Thursday, March 22, 2012

The Bald and the Beautiful

I have a deep and intimate relationship with cancer.  I wish I was admitting to having a deep and intimate relationship with Robert Downey, Jr., but that isn't the hand life dealt me.  Unfortunately, my parents were both ravaged by this ugly disease.  I was given a front row ticket to be a witness as my mom and dad bravely faced this monster in a battle to the death.  Neither of them stood a chance.  By the time each discovered their cancer, it had already riddled their bodies beyond repair, beyond any hope of recovery.  My father lived six months after his melanoma was found.  My mother, a victim of renal cell carcinoma, lived only two and half painful, agonizing months. 

When you watch a loved one suffer and die, it changes who you are.  I will forever feel like cancer took away a chunk of me as I watched them lower my mama into the ground.  It left a raw, open, vulnerable wound that won't ever heal.  It also made me fearful.  Every twinge, every sore throat, every unexplained symptom is cancer.  I live daily in terror that it will get me, too.  I've seen what it can do, and I wonder if I'm strong enough to kick it if it ever finds me.

Even though I quietly donate money regularly directly to the hospice house that took care of my mother and restored her right to die with dignity, I'm not a champion of charities.  There are a handful that are meaningful to me, and I do my best to support them.  It's not my style to be a cheerleader.  I'm more the Booster Club member who donates money so the marching band can get new hats.  There is one organization that has become special to me, though, and I am stepping out of my comfort zone to scream and jump around with pom poms over what they're doing this weekend.

I spent the entire month of September 2011 smiling, weeping and dreading what was to come as I read the story of a precious little girl named Donna.  You see, it's heartbreaking enough when an adult is faced with fighting cancer, but it's unthinkable that a child should ever have to look into the eyes of this demon.  I can't remember how I came across Donna's story, but her mother put their fight into words that touched me deeply.  I couldn't get her out of my mind, this little girl whom I would never meet.  I took those feelings that were still brewing over the loss of my own parents and imagined what it would be like if it were my daughter instead.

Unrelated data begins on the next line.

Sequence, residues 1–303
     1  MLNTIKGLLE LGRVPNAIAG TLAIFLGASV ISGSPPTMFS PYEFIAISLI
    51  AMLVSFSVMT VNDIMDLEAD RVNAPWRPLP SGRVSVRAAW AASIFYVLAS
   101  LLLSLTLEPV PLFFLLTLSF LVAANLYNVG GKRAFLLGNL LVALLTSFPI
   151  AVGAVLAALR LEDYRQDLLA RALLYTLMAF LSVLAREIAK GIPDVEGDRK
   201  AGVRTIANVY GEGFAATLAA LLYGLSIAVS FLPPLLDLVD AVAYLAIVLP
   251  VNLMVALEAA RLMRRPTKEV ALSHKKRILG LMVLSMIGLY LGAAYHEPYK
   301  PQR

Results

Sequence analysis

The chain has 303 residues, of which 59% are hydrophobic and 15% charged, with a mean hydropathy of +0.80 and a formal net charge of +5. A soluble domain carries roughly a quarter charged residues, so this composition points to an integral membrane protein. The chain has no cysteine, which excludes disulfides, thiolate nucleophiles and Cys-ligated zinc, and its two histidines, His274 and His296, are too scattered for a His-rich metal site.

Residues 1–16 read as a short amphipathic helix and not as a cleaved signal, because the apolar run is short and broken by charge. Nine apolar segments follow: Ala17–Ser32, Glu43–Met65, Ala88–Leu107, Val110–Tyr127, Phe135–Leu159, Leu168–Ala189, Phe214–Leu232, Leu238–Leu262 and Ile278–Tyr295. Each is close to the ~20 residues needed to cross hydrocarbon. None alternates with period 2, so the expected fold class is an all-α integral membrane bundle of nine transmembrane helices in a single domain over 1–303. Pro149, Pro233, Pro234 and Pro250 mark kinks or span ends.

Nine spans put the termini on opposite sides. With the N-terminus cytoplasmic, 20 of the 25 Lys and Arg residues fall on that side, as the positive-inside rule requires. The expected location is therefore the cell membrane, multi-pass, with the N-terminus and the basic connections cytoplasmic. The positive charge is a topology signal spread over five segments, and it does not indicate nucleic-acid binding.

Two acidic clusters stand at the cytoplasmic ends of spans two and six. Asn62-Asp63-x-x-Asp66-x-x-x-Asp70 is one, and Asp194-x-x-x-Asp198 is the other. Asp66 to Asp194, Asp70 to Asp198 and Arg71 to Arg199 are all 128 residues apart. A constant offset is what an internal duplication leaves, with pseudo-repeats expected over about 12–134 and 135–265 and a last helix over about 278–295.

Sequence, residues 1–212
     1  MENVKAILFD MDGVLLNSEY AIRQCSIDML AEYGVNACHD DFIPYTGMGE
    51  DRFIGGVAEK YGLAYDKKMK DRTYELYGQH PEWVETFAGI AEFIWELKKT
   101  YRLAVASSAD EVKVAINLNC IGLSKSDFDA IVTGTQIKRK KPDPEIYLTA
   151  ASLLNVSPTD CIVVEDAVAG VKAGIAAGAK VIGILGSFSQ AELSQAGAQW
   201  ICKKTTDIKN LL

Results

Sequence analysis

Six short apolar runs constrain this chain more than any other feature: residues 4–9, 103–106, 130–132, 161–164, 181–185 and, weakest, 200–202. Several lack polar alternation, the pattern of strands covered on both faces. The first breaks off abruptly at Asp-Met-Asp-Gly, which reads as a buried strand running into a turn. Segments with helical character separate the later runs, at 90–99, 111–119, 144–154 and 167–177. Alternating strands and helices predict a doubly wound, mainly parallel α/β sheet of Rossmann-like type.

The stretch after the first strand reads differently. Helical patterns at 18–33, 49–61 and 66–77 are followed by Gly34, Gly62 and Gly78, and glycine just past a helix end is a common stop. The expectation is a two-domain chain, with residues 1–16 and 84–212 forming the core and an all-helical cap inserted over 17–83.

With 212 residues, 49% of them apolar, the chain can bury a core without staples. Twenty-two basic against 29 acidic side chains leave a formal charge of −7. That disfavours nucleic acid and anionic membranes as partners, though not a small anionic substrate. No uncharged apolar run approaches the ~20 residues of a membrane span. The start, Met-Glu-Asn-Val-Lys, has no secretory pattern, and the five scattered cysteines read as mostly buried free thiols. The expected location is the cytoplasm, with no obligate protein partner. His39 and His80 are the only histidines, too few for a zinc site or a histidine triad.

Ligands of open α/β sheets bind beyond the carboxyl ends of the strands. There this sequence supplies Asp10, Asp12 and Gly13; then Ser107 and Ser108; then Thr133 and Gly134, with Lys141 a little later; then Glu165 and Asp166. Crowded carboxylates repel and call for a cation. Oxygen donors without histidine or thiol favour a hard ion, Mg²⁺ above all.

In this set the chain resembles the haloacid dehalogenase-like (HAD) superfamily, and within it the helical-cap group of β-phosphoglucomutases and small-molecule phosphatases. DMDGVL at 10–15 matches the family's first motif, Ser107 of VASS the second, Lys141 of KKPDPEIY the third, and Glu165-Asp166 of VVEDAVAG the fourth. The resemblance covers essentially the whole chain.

Donna's parents set up a charity in her name, Donna's Good Things. (I dare you to click on the link and not smile when you see her beautiful face.)  This weekend in Chicago, Donna's charity and the St. Baldrick's Foundation are hosting an event to raise money for cancer research.  So, what makes this so different?  The participants have not only signed up to raise money for the cause, but they are also SHAVING THEIR HEADS.  That's right.  Folks who have never even met Donna or her family have pledged not only their time and dollars but also their hair. Would you go bald to honor the memory of a child you have never met?  I am in awe of their commitment.

I'm proud to say that three of my blogger friends created a team and are shaving their heads for Donna's Good Things. Deb from The Monster in Your Closet, Chris over at From the Bungalow, and Karin from Pinwheels and Poppies are doing the deed this weekend.  Oh, and as a bonus, my favorite fellow spaz, Katy, from I Want A Dumpster Baby will be there to keep everyone smiling as their locks are falling to the floor.  It's not too late to donate if you are so inclined. I did, and it was completely painless.

I know that no amount of money raised or research conducted will bring back my parents or anyone else who lost the fight with cancer, but if one child is saved, it's worth it to me.  For that reason alone, I choose hope.

Friday, March 2, 2012

The Rose